That privilege has been reserved since 1865 to generations of cabbies, who have to memorise around 25,000 of London’s streets in a test known as the Knowledge to gain their licence, in a process that takes an average of three to four years. Preparing for the test, which has a 50 per cent pass rate, by constantly traversing the 10 kilometre radius around Charing Cross has a physical effect — it’s proven to grow cab drivers’ hippocampus.
The resulting advantage isn’t just an encyclopedic knowledge of London: it provided guaranteed income. Cabbies are able to pick up people wherever they like, use taxi ranks across the city, and are permitted to use most bus lanes. They don’t set their own fares, but are exempt from congestion charges, a levy that costs £15 per day for private hire vehicles.
As Uber and its rivals offer discounts to customers and add thousands of vehicles to the streets of London, Zone 1 has become the final bastion for the taxi trade. “[The Uber app] will tell their drivers to gravitate to those pickup points, knowing full well that if people are walking towards them, they’re going to hit the button and the closest car is going to get the job,” says Alan McGrady, of the London Cab Drivers Club, one of London’s main taxi trade organisations. “But if they get away with it here who’s to say that they’re not going to expand it throughout the West End or onto Oxford Street or onto Regent’s Street?”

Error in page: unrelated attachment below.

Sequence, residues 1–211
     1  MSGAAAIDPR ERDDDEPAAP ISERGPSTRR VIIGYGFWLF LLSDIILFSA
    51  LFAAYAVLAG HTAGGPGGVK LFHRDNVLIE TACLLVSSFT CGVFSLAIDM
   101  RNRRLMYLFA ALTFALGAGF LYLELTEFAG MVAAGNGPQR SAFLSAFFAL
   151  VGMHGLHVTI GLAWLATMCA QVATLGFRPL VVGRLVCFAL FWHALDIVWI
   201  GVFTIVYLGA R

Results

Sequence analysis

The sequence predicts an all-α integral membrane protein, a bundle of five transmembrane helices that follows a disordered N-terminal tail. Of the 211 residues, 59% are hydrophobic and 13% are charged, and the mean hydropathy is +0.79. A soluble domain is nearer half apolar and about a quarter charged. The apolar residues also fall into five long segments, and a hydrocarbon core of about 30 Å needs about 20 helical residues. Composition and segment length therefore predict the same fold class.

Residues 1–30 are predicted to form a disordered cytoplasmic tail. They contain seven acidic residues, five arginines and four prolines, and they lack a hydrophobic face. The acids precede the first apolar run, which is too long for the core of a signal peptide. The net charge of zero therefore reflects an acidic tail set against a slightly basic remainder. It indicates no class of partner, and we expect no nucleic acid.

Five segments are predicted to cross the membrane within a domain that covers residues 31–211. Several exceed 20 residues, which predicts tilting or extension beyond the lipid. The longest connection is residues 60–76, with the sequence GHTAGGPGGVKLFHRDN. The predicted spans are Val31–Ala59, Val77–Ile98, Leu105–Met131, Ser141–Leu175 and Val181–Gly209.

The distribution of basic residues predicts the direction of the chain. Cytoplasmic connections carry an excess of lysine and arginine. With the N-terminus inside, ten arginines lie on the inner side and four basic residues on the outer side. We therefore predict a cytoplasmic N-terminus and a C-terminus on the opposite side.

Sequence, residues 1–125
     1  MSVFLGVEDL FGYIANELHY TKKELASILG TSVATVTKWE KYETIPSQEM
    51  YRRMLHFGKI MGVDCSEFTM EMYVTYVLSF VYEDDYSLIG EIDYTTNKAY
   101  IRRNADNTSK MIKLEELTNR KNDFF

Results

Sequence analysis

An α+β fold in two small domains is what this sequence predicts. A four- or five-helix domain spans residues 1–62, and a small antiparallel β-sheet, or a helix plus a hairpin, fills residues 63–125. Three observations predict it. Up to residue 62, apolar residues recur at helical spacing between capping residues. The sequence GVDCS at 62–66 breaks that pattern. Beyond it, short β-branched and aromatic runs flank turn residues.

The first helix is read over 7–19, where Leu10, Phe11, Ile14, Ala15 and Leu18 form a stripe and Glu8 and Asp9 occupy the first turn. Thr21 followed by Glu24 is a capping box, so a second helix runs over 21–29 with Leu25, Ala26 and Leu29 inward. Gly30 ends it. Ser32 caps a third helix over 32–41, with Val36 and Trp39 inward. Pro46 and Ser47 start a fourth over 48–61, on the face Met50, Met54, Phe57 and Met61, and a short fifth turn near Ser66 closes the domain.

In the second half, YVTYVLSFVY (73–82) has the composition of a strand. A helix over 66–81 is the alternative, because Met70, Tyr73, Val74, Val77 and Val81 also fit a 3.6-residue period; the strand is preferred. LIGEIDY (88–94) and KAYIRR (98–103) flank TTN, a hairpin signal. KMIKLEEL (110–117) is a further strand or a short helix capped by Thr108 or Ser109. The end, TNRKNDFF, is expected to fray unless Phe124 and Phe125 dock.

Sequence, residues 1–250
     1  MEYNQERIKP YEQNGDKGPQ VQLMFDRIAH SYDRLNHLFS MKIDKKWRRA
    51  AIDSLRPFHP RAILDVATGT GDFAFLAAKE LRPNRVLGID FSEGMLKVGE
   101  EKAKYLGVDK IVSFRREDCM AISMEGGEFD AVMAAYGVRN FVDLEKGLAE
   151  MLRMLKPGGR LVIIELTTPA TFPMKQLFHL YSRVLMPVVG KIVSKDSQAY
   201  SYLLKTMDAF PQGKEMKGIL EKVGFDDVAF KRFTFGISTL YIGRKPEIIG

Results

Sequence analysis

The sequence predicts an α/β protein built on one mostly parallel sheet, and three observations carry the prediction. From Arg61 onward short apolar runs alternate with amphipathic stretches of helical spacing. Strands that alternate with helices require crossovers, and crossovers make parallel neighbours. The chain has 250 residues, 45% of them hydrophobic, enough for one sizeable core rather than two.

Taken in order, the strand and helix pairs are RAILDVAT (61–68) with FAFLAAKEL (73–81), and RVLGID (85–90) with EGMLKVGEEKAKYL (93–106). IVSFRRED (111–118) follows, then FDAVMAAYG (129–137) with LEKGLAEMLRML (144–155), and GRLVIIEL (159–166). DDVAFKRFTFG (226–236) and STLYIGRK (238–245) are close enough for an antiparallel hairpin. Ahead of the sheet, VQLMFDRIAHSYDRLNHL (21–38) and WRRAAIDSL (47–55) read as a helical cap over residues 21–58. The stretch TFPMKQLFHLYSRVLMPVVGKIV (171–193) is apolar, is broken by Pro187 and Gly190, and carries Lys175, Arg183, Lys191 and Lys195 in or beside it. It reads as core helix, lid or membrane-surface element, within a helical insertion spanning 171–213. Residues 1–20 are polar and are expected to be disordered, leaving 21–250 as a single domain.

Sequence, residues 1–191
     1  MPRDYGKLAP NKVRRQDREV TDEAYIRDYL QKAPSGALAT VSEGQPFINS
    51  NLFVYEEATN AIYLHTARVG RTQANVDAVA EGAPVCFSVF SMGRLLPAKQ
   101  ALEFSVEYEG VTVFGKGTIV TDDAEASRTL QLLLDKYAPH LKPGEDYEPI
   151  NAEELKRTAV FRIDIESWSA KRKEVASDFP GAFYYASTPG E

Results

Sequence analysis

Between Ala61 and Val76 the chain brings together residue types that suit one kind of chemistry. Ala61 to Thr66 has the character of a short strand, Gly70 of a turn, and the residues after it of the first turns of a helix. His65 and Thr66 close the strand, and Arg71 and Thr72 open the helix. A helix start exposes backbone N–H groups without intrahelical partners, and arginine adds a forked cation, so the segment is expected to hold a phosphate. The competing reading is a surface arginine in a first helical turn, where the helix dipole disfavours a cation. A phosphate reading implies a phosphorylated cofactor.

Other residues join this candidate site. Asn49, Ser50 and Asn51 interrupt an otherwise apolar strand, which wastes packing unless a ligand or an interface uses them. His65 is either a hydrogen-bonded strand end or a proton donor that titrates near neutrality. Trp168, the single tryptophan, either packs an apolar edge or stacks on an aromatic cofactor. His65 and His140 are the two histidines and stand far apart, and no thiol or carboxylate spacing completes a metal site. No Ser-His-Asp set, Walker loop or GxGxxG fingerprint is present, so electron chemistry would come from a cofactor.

The crux of this issue with Uber’s pick-up spots goes deeper than this to 1847, which is when horse-drawn hackney carriages were defined in the Town Police Clauses Act as “every wheeled carriage, whatever may be its form or construction, used in standing or plying for hire in any street”. Those without a licence caught plying for hire, an ambiguous term which could mean parking in a designated area or leaning against a stationary carriage, were fined 40 shillings (the equivalent of around £212 in today’s money) — four times more than the fine for letting a chimney accidentally light on fire detailed in the same Act, and the same amount as someone behaving in a drunk or indecent way at a police station.
There was some update to the licensing law in the 1970s and in the 1990s, but since then there has been no national legislative change, despite the changes in technology, travel behaviour and transport demands. None of these laws were prepared for the arrival of Uber. Today, if a private hire vehicle is caught plying for hire or idling on a taxi rank in the same way as the law described 174 years ago, they could face a £1,000 fine and the loss of their licence.
Yet Uber’s simple act of replacing geolocation pickups with pick-up spots, where people know they are likely to be able to order a car quickly, may be in breach of that same set of rules — demonstrating how limited the ride-hailing market still is.
There are 40 licenced taxi ranks in central London where drivers can stop for a maximum of 45 minutes or 60 minutes, and a further 45 ranks in the City of London. In Soho, the taxi ranks are small, but they offer a recognisable place for drivers to pick people up.
The rank in Old Compton Street has been moved to Dean Street because of al-fresco dining, but people have learned where the cabs are now, McGrady says. He is convinced that Uber is trying to do the same thing, training people to “walk out to their cars waiting”, and that TfL is not doing enough to stop them. “Why would you want to kill off the best taxi trade in the world? Who knows,” he says. “But that’s the way we feel in the moment, that nothing is going our way.”